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-expansion of federal power as government dictates to southern states how to treat freed slaves
-rebuilding of the south after the civil war

14th Amendment

all persons born in the U.S. are citizens and are guaranteed equal protection of the laws

15th Amendment

citizens cannot be denied the right to vote because of race, color, or previous condition of servitude

Freedmen's Bureau

organization set up to aid former slaves in adjusting to freedom. It furnished food and clothing to needy blacks and helped them get jobs

New South*

-South needs to reorganize itself and become more like the North (not as effective as they hoped)

Jim Crow*

-Laws written to separate blacks and whites in public areas
-meant African Americans had unequal opportunities in housing, work, education, and government.


system in which landowners leased a few acres of land to farmworkers in return for a portion of their crops


-Poll taxes: required payments to vote
-Grandfather clauses: if your grandfather can read, then you had the right to vote
-both led to black people not being able to vote

Plessy vs. Ferguson*

-court ruled that segregation was legal as long as it was "equal" (i.e. separate but equal)

Booker T. Washington

-prominent black leader
-ried to get rights within Jim Crow laws
-worked to earn respect, freedom, rights valued, unity between races, but didn't push for integration
-tried to get blacks the right to vote
-supported segregation and demanded that African-Americans better themselves individually to achieve equality

Gilded Age*

-massive industrialization
-gap between wealthy and poor
-not as much community, corruption in business


-factories where women and children worked long hours, low pay, and in dangerous conditions


-small apartment buildings in the city
-occupied by lower class, many immigrants
-Multi-family (more than one family in a living space)
-poor conditions (no sunlight, no indoor plumbing, overcrowded)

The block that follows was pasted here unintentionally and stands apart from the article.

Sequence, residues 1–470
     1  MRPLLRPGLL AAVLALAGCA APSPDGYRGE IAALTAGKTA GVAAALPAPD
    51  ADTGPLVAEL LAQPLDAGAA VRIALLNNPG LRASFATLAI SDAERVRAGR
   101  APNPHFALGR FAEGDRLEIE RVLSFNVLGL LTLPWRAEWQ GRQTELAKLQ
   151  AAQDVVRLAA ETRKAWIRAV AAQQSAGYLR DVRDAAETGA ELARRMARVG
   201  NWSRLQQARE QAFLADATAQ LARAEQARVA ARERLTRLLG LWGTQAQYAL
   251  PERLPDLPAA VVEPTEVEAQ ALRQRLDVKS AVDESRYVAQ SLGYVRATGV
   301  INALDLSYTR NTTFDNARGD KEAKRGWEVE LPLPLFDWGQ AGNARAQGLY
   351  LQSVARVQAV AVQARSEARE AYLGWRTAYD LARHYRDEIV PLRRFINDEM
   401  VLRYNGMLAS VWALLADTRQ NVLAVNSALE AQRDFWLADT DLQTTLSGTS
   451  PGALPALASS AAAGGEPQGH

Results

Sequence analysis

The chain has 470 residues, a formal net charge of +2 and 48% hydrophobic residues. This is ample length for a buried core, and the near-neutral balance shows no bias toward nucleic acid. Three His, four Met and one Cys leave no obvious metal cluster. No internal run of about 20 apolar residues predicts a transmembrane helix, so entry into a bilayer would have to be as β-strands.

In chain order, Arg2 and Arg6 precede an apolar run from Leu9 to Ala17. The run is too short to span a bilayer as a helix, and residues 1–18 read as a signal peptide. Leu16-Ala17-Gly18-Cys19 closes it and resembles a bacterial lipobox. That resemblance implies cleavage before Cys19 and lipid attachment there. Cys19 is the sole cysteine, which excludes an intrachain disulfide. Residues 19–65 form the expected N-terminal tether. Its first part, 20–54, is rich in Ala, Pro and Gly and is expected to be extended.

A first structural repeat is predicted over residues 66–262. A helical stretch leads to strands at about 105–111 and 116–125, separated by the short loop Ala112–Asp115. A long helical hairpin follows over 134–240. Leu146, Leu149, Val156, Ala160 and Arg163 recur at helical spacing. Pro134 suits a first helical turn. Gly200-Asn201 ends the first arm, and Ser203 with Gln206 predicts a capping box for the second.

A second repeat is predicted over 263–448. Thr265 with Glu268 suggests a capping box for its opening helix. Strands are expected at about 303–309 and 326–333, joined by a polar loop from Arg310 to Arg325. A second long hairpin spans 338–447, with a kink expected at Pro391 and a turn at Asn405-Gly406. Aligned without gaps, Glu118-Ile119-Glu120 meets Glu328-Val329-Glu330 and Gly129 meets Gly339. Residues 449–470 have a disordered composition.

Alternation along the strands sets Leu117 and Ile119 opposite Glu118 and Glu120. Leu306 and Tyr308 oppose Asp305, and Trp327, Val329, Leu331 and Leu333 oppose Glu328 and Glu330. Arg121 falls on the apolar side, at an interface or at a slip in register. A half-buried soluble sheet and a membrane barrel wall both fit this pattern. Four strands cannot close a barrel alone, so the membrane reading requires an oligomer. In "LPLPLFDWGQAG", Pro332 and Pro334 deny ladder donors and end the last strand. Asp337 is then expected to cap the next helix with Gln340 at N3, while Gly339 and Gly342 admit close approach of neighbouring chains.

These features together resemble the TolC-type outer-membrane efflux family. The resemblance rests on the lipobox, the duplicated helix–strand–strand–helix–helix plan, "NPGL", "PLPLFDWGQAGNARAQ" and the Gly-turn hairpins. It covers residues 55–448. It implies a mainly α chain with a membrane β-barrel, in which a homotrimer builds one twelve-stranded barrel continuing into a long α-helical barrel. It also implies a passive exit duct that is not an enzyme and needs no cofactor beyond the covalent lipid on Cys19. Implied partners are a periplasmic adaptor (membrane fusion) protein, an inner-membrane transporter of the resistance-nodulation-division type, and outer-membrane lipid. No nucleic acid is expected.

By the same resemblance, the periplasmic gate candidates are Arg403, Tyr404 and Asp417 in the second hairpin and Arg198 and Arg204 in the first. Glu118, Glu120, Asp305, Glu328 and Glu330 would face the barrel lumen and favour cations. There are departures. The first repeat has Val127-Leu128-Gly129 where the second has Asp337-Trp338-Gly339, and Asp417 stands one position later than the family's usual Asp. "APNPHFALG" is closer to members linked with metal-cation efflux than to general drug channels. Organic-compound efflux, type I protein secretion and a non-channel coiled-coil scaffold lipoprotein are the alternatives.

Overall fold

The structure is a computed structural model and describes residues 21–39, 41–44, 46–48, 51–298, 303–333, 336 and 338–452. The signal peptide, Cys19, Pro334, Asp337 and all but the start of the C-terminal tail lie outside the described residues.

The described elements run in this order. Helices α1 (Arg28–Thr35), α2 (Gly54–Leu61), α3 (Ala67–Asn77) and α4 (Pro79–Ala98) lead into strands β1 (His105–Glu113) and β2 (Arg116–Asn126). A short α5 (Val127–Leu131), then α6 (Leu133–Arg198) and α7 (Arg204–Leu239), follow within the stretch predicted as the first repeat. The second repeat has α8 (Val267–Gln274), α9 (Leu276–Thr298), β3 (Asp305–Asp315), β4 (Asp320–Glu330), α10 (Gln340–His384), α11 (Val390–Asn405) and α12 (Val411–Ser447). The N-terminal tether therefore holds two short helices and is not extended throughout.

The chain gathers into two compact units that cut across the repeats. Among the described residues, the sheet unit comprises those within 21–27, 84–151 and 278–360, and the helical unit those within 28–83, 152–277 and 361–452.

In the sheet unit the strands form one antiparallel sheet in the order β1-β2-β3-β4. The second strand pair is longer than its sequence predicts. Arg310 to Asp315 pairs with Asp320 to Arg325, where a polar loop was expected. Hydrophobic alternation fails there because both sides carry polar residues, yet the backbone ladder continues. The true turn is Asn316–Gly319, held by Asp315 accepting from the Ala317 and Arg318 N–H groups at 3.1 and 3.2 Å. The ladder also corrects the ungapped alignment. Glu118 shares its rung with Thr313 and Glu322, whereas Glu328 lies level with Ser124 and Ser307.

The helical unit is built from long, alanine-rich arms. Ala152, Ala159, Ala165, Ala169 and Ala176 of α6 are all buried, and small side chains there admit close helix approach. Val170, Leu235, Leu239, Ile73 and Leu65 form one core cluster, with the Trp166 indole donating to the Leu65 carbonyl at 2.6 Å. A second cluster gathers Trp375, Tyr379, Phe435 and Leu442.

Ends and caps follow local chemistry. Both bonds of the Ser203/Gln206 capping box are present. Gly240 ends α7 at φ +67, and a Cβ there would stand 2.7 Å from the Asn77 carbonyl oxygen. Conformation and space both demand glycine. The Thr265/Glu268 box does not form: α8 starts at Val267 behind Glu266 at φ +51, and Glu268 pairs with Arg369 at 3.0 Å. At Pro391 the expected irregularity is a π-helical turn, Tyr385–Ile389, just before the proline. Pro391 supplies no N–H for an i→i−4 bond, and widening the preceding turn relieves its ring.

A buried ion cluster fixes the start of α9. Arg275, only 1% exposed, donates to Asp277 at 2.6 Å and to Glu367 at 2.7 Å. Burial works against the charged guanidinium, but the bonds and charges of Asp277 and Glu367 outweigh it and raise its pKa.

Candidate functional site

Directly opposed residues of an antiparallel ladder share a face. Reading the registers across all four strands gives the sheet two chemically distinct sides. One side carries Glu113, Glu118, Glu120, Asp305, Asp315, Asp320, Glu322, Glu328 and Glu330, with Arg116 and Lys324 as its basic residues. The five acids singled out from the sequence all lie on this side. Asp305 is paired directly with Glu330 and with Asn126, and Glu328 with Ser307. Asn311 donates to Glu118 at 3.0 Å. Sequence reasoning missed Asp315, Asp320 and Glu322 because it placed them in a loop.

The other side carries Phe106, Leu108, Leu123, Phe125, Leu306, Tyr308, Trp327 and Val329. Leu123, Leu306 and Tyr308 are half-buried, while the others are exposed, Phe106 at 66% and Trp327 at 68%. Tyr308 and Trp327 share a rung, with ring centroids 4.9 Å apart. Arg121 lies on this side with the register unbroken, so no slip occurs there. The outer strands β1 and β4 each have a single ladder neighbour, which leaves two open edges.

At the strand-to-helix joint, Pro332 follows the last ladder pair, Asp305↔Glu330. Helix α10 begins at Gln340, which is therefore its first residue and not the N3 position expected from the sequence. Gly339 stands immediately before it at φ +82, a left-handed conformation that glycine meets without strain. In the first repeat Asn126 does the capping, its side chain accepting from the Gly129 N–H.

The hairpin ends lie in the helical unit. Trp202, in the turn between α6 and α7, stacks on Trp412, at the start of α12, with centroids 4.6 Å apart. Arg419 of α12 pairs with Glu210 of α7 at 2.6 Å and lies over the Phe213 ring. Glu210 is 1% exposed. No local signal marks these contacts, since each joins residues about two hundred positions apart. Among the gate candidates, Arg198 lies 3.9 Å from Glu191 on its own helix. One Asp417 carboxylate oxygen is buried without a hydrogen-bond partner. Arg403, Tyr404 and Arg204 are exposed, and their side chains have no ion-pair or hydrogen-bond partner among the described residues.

"new immigrants"

-South Eastern Europe and China
- a lot of immigration came to the United States
-escaping poverty
-seeking new opportunities


a policy of favoring native-born individuals over foreign-born ones


transition from an agriculture-based economy to one based on industry and machines


the social process whereby cities grow and societies become more urban

laissez-faire government

businesses allowed to operate with little or no government support


an economic system based on open competition in a free market, in which individuals and companies own the means of production and operate for profit


A political and economic system where factors of production are collectively owned and directed by the state

Knights of Labor

-One of the most important labor organizations
-Demanded a 8 hour work day
-Located in different cities
-Rejected socialist idea or radically changing to communism, wanted workers to be well cared for
-Very disorganized, fell apart

American Federation of Labor

first real labor union
-unhappy with Knights of Labor
-association of trade unions
-conservative, wanted to make working conditions better and make sure people were being paid a fair amount and to not change the capitalist system


-philosophy of farmers
-people vs. the elite and industrialized people
-benefitting the people
-political party grew out of Farmer's Alliance
-used the power of federal government to achieve change

Imperialism and War*

-a policy of extending your rule over foreign countries
-a factor in America's decisions regarding Cuba, Philippines, Guam, and Puerto Rico
-factor in decision to intervene in World War I
-U.S. engaging in imperialism by gaining territories
-install a government to rule over people, invest, business opportunity

Progressive Era*

-changing/ willing to change
-innovation and science contrary to the common system
-moving to common needs
-doing the latest thing- is this just "trendy"
-constantly trying to improve
-investigate, educate, legislate

Spanish-American War*

-U.S. helped Cuba fight for its independence from Spain
-when U.S. put a 40% tariff on Cuban sugar, they sparked a Cuban revolt against Spanish rule
-America pressured by newspapers and religious groups to go to war
-offended by de Lome's letter that insulted the President and all Americans

Philippine annexation (imperialism debate)

-imperialism against American values
-if they extended into Philippines, could be seen as colonization

settlement houses

-a welfare agency for needy families, combated juvenile delinquency, and assisted recent immigrants in learning the English language and in becoming citizens

women in Progressivism

-began to stand up for their rights, esp. in working conditions